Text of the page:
One thing is for sure, three years ago when I decided to pursue photography instead of nursing, I had NO idea that photography would involve so much math. There is math for chemical dilutions, math for expenses/income, math for metering, math for data usage…. math. math. math. Helllloooo Microsoft Excel! I have drawn up expense and income reports, price lists, and workflow spreadsheets recently to keep track of everything as business picks up. One thing I have learned through my hours of reading up on photography and business in relation to photography is the importance of doing things right the first time. With finances tight (stinky medical bills!), I am personally in charge of all of my finances, workflow, and paperwork. No outsourcing here! I have got to be very organized from the get-go.
8 Organizational Habits [I have started]:
* Printing of all business related receipts and keeping them in a folder. Also labeling the top right corner with what the receipt is for (enables quick access/reference). This is for taxes/any chance that the IRS shows up to check out whether I am telling the truth on my forms.
* Keeping an Excel document for money flow in and out of the business. Documenting who, when, why, and how much. (This is where the auto sum formula comes in handy and saves the day!)
* Storing all the little things like product samples and extra business cards in a clear plastic box. This prevents them from getting lost in the chaos. Right now my bedroom is also my office and it is crazy.
* Documenting my process and notes in my photo journal (started in March). Helps me refer back to what was going on each day. Thoughts, client notes, ideas, etc.
* Making sure to back up all client files to private/locked SmugMug galleries just in case my hard drives fail.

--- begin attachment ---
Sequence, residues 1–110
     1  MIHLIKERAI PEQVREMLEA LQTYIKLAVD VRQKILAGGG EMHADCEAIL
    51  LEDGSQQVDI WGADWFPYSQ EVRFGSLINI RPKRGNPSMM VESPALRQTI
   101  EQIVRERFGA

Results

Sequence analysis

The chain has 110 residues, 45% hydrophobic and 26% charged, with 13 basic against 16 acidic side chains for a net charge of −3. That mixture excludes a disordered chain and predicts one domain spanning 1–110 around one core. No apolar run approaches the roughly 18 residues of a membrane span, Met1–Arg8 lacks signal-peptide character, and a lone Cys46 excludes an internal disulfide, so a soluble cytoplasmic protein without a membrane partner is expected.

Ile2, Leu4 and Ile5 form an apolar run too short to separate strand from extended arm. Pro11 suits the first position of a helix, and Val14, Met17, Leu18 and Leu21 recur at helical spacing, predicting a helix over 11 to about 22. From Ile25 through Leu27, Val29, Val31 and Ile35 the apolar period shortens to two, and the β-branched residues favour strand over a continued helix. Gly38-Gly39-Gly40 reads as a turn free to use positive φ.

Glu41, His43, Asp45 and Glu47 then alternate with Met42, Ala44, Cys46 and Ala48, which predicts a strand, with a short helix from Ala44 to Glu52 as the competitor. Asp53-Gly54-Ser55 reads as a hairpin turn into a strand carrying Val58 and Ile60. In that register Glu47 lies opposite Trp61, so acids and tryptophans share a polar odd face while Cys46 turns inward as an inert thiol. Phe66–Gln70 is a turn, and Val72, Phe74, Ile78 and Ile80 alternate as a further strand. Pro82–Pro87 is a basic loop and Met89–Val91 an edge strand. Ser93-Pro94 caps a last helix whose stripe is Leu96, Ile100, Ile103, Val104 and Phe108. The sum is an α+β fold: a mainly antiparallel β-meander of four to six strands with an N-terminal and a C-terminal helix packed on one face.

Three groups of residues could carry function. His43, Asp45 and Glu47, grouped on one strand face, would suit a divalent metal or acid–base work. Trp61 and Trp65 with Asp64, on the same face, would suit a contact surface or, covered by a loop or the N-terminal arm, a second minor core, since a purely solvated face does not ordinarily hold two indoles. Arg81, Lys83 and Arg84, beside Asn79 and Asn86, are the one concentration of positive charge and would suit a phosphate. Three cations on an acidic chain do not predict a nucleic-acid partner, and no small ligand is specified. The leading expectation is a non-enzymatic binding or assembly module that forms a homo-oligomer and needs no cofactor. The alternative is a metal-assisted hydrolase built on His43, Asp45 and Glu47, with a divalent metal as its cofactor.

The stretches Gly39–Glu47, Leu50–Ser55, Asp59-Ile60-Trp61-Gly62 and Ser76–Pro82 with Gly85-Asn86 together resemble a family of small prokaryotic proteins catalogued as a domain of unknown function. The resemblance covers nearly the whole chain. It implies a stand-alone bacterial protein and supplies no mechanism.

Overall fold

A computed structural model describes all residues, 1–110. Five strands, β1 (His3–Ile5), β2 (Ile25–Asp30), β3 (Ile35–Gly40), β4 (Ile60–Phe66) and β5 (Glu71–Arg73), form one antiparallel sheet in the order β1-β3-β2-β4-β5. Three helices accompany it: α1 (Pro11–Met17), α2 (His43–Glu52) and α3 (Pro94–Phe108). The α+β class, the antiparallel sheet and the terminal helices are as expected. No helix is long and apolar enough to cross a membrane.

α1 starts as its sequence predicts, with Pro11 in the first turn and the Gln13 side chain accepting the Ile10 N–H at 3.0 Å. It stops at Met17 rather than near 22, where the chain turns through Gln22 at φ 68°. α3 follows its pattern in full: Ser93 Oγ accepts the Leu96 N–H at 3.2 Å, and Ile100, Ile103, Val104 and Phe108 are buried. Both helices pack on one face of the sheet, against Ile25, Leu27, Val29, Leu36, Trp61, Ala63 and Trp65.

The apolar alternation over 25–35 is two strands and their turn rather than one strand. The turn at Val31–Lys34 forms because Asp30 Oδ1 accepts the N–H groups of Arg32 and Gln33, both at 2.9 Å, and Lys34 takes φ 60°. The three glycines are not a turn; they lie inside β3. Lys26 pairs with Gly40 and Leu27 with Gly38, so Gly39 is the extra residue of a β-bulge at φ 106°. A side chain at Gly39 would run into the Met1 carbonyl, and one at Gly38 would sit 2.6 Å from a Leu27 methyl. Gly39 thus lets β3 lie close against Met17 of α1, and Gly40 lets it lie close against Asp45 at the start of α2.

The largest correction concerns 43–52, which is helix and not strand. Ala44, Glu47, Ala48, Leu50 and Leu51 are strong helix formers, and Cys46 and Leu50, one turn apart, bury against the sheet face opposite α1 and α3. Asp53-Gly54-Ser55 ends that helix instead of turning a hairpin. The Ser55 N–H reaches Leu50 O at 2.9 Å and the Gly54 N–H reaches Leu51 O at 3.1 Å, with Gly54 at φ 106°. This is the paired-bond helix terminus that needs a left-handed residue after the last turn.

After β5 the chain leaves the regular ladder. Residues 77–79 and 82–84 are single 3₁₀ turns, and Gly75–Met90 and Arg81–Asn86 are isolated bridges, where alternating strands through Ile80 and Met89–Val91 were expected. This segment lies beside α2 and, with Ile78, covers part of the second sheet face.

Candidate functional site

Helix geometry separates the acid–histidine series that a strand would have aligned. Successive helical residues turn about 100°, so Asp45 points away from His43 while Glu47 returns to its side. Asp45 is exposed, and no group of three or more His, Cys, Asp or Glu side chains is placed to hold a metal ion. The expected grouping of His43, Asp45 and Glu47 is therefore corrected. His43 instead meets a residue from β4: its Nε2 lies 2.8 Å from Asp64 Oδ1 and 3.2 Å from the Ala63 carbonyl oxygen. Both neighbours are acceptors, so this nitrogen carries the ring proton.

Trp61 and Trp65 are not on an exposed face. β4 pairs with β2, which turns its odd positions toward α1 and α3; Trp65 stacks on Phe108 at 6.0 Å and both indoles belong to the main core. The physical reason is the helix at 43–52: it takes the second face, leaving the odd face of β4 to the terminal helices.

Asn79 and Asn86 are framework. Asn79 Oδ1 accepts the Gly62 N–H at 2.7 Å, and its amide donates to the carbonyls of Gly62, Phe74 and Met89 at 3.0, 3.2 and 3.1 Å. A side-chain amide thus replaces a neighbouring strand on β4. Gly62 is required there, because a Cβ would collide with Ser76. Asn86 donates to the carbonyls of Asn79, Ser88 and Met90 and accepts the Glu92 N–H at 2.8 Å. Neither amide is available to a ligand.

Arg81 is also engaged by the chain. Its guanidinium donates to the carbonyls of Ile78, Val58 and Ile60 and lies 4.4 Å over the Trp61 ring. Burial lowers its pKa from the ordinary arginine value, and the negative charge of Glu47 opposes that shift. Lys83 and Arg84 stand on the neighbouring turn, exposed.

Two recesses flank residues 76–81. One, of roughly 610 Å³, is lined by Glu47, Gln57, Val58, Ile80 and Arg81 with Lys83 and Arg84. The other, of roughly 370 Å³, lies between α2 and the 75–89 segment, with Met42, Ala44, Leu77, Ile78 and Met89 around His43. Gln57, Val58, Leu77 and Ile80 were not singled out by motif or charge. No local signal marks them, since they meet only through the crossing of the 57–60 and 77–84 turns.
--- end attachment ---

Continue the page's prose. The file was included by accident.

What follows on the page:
* Syncing my Moleskine agenda with my phone/gmail calendar. I really prefer things on paper than online, but I also realize the need to have back ups of everything.
* Excel spreadsheet for my workflow – documenting the process of working with clients. Everything from the photo session to editing to client galleries to client review and beyond. It is basically an in-depth to do list.
* Keeping a written to do list in my Moleskine agenda for each week. It helps me work things into my schedule as needed.
One thing that I need to keep in mind as I go through this grand adventure is that there needs to be a healthy balance between photo business and private life. It just does not seem like a good idea to spend every day all day focusing on business. It is SO overwhelming. I think I am going to have to implement a day a week where I do not work on anything relating to photo business.
Whew! What a dreadfully boring post (unless maybe it somehow inspired a new organizational habit for your life). Right now, I treat my blog as a journal and as a way to keep people up-to-date on what is going on with my cameras. One day, I hope to look back and be able to think, wow! I am SO glad I documented this journey. I know I can look back to my entries from last summer and feel so much relief that they are there to remind me of the great memories and friends that I made.
I am off to dinner, very impressed if you bothered to read this rambling post, and I hope you will stay tuned for a photo post coming up soon featuring more from the horse farm.